The brands that succeed in social media do not take short cuts; they put their nose to the grindstone, focus on their customers and build their social footprints slowly but steadily. Authenticity cannot be bought, nor is it earned with a click of the "like" button. Authentic relationships and authentic conversations matter, and those are still earned the old-fashioned way--with care, shared values and hard work. 

15 comments:

Ike said...

Outstanding.

Liz said...

Another excellent post, Augie! I've advocated for the authentic route every step of the way in my new position at Great Lakes. We may be slow growing (although we expect a bump with some large scale outreach in the near future), but every single person who has liked or followed us has done so of their own volition, without any bribe from us.

I can't promise we'll never run a sweepstakes, but if we do the prize will be a benefit that only our customers are eligible for, in an attempt to continue accumulating authentic likes and follows.

Augie Ray said...

Thanks Ike and Liz!

Liz, I think a sweepstakes can be run authentically, but it has to be tightly targeted to the right folks. Even USAA has done some Facebook ads to help them boost their fan count, but they're only targeting the sorts of people who would really care and want to friend the brand!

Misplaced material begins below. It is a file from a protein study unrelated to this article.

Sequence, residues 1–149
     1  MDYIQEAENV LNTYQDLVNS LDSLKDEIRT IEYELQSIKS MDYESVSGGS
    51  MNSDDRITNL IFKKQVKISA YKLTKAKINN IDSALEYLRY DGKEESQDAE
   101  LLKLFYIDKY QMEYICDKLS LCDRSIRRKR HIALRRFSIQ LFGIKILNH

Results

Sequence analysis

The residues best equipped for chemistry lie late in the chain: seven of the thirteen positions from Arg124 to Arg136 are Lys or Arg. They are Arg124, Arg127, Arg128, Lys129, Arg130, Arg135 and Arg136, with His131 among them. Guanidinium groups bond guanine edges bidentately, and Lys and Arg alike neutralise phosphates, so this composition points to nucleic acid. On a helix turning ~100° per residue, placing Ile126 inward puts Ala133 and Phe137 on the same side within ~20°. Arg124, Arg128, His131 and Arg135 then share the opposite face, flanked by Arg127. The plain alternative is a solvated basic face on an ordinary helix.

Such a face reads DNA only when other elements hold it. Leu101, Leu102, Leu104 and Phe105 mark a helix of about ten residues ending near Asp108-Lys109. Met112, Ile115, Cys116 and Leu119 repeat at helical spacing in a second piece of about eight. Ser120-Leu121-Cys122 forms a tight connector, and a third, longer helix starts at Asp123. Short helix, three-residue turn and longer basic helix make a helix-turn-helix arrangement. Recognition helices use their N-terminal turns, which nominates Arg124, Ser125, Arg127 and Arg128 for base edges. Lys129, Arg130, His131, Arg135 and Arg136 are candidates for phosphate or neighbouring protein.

Kaitlin Hawkins said...

I wish more marketers and brands would realize your (excellent) closing point: "The brands that succeed in social media do not take short cuts." I feel so much that people simply want to get to get to "success," whatever that may mean to them, in the shortest time possible, when really, success takes so much more - heart, dedication, passion, time, commitment, and GOOD CONTENT!

Augie Ray said...

Kaitlin, I have nothing to add to your comment--when you're right, you're right!

Thanks for the dialog!

Max Christian Hansen said...

I love that this is so much more than a rant. There's plenty to rant about, but amid all the noise, it's good to be reminded that there are companies and brands staying true and playing it straight.

Augie Ray said...

Thanks, Max. I appreciate that. I try hard not to rant, although it's an easy trap to fall into!

Chris S. Cornell said...

Great column.

I think the biggest problem businesses and organizations have is that they lose sight of their goals. They start believing that the GOAL is to get more 'likes,' more people "talking about' their page, and more comments. Then they proceed to chase these measuring sticks with no concern for the underlying foundation of their social media efforts.